Pt. 12,047’ – Jasper Area - IPW Day 2: 06/06 Stats:
Mountain: Unnamed (?) pt. 12,047’
Route: Started at 4th of July TH (~10,160’), skinned / booted up to 12,047’ summit and skied E-NE slopes to Middle Boulder Creek (North Fork) back to TH.
Elevation Gain - 2000’ (approx)
Roundtrip Mileage - 8 miles (approx)
Crew: Jon Coe and Prakash Manley
I parked at the 4th of July TH and read up on Jasper route descriptions as Jon pulled up next to me. We chatted with a couple skiers who’d returned after a 14 hour day skiing the North side of North Arapaho. They warned us of the difficulty in finding the bridge across Boulder Creek’s North fork. The two hours or so of sleep the previous night hit me and at ~9PM I fell into the fairly cramped passenger seat of the Jeep and slept like a baby. The alarm went off at 2:30 and I woke up at around 3AM after some well articulated swears. Jon’s cab light went on immediately after I woke up. He’d been waiting for me to stir. We ate, geared up and left the trailhead at approximately 4:15AM.
We followed the Arapaho pass trail, found the diamond lake turnoff easily and continued booting on softened snow. We were soon at the creek bed. The bridge eluded us and we postholed in deep snow and thick trees for almost an hour trying to find a safe crossing. We instead found a lazy porcupine and were distracted for a further time trying to attract his attention and get him to smile for the camera. He grunted with disdain and hid in the bushes. Finally we found this log, and a balancing act put us across the creek…
Jon crosses log bridge
We skinned up across the creek and pulled out the map. This trip was a good exercise in navigation skills which has become so under-used in today’s world of numerous detailed trip reports and guidebooks. A small, steep, wooded hill needed to be surmounted to gain access to the lakes in the high plains surrounding the Jasper massif…
Wooded hill for upper basin access
We were soon in the upper basin. It was barely 7AM and noticed that eastern aspects were quickly warming up and glistening. We decided that Jasper’s east face was out of the question at this point.
The snow would be wet enough to begin sliding by the time we would summit Jasper… plus Jon needed to get back to his wife at a reasonable hour. A 12,000’ odd point on Jasper’s ridge promised a couple nice turns and we decided to go that route instead. A nice big wedge had broken off and slid recently…
Wetslide Deposition Zone
We broke here to refuel. Jon had brought an assload of food… beef bits to spice up the standard ramen I brewed, bratwursts, etc. After a rather relaxed pitstop we began heading up the saddle to the lake in the ‘Jasper basin’. I skinned switchbacks and Jon booted up the snow since switchbacks aggravate his knee injury.
Booting Up Pt. 12,047'
Once up on the saddle I decided to shoulder skis and help Jon with the bootpacking although skinning is definitely possible all the way to the top. Once the ridge is reached the grade mellows out significantly. A giant cornice overhung the ridge to climber’s right and we gave it a wide berth.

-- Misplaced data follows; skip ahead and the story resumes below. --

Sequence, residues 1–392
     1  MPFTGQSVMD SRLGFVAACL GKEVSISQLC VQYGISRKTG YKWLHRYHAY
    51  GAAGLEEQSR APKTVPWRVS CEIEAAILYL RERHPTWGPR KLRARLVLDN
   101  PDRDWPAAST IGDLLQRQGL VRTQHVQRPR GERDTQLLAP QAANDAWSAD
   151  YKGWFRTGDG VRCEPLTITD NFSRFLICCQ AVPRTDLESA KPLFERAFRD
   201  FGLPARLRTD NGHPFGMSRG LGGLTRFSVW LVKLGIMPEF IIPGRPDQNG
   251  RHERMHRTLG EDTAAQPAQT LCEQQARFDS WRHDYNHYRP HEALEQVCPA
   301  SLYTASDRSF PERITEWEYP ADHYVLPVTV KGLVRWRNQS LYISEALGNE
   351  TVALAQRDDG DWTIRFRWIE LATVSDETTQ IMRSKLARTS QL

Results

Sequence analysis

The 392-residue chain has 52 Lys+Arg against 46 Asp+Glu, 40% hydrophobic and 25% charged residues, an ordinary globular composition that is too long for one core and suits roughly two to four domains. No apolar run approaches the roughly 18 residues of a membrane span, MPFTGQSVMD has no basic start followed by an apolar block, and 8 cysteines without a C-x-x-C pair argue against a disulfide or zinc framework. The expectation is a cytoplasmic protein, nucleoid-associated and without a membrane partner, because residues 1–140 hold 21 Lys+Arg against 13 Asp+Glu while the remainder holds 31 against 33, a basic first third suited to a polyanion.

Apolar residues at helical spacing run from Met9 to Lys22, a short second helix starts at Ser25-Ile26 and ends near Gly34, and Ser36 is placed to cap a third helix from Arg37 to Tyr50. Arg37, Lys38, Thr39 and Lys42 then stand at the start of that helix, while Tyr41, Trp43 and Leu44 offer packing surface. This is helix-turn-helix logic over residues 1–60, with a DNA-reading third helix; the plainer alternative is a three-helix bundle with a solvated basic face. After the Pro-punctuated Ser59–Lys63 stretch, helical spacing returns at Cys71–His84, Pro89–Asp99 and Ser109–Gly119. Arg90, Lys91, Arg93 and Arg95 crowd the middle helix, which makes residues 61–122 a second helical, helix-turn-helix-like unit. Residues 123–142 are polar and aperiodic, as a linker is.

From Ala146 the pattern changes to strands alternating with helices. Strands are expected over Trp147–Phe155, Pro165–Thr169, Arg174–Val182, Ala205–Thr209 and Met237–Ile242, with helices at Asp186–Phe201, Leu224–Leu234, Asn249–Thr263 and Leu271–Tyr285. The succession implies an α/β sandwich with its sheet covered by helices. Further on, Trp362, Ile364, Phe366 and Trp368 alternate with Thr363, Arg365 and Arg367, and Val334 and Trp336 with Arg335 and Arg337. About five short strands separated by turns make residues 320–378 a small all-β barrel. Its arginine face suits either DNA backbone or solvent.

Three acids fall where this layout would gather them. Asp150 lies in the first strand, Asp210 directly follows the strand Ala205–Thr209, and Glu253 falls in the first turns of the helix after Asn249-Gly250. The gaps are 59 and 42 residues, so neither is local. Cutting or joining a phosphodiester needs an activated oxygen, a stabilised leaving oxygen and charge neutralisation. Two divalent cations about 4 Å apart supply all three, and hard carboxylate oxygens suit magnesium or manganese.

Booting Up Ridge to Pt. 12,047'
The summit was reached at 8:40AM. I hung around for a little while taking pictures of Jasper…
Jasper from summit of Pt. 12,047'
Neva from summit of Pt. 12,047'
and South Arapaho… to my surprise there was not a single person on Skywalker on a weekend day. I found out later that Sarah
and Dominic had summitted S., Arapaho via Skywalker at 8:15AM.
Skywalker (S. Arapaho) from summit of Pt. 12,047'
Jon arrived soon after…
Jon arrives on the summit of Pt. 12,047'
The ski descent began at 9AM…
Prakash skis off the summit of Pt. 12,047' (c) Jon Coe
Prakash skis off the summit of Pt. 12,047' - 2 (c) Jon Coe
Jon skis off the summit of Pt. 12,047'
Jon skis off the summit of Pt. 12,047' - 2
Jon skis off the summit of Pt. 12,047' - 3
It took 8 minutes and 8 turns to get back to where we stopped to refuel. We skiied trees back down to the creek.
Skiing off Pt. 12,047' - IPW
Route finding in the trees consisted sticking beside the creek and heading in the approximate direction of the TH. We found our bridge for more tight-rope walking in ski boots after tossing skis across the creek…
Crossing log bridge over Boulder Creek - (c) Jon Coe
Looking back at Pt. 12,047’… our ski route is behind what’s seen here…
Looking back at Pt. 12,047’
Jon crosses the cascade, less than a mile from the TH.
Crossing the cascade on Arapaho Trail
Our achievement seems ridiculously mild when placed beside Jasper and Neva but there’ll be colder days in a future season when Jasper will become more easily attainable.
L-R Jasper, Pt. 12,047' and Neva
We were back at the TH at 11AM… the beers were still cold and the day was still young... I met and shared tales with old climbing friends and made some new ones. Another great day out. My apologies for the poor picture quality for the most part... my SD200 has seen many moons. I am in the process of evaluating a replacement and welcome suggestions.